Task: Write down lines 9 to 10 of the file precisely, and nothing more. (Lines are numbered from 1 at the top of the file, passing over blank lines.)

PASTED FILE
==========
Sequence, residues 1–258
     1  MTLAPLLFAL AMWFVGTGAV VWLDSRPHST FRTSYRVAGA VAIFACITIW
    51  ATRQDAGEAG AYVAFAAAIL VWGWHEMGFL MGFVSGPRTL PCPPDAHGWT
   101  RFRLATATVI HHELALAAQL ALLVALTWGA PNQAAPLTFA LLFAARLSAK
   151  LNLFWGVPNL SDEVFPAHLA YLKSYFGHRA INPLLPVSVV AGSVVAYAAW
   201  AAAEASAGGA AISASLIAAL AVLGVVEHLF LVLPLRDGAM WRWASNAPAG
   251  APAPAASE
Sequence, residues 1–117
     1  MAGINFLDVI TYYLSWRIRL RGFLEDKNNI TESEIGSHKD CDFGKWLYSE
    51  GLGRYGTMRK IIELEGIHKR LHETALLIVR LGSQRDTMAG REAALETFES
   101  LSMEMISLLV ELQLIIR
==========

     1  MAGINFLDVI TYYLSWRIRL RGFLEDKNNI TESEIGSHKD CDFGKWLYSE
    51  GLGRYGTMRK IIELEGIHKR LHETALLIVR LGSQRDTMAG REAALETFES